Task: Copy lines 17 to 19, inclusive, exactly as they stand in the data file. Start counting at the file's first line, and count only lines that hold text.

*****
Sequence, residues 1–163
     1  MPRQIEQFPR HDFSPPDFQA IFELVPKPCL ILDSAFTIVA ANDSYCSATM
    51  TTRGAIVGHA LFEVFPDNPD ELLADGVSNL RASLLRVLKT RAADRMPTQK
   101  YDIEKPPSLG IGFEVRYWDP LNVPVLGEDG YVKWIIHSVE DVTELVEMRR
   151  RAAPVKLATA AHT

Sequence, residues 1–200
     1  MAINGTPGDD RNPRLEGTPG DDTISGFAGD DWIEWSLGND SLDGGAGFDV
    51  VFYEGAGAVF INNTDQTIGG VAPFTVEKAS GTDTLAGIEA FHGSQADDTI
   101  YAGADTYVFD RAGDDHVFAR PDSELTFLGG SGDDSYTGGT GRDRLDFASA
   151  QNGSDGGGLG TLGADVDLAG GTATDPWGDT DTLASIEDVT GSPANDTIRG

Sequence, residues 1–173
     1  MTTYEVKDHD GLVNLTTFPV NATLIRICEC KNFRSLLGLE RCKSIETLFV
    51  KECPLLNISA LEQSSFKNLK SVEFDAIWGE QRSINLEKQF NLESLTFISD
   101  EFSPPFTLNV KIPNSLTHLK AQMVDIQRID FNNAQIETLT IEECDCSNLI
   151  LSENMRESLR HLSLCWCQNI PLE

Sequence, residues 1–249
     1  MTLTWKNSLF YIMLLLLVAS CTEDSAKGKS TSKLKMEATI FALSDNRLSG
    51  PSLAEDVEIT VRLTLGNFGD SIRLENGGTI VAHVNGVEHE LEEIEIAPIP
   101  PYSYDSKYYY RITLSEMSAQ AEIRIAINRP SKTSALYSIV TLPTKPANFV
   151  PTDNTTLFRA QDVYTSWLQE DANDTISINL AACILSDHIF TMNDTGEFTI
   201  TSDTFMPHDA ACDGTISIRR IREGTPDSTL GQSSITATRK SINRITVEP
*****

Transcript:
     1  MTLTWKNSLF YIMLLLLVAS CTEDSAKGKS TSKLKMEATI FALSDNRLSG
    51  PSLAEDVEIT VRLTLGNFGD SIRLENGGTI VAHVNGVEHE LEEIEIAPIP
   101  PYSYDSKYYY RITLSEMSAQ AEIRIAINRP SKTSALYSIV TLPTKPANFV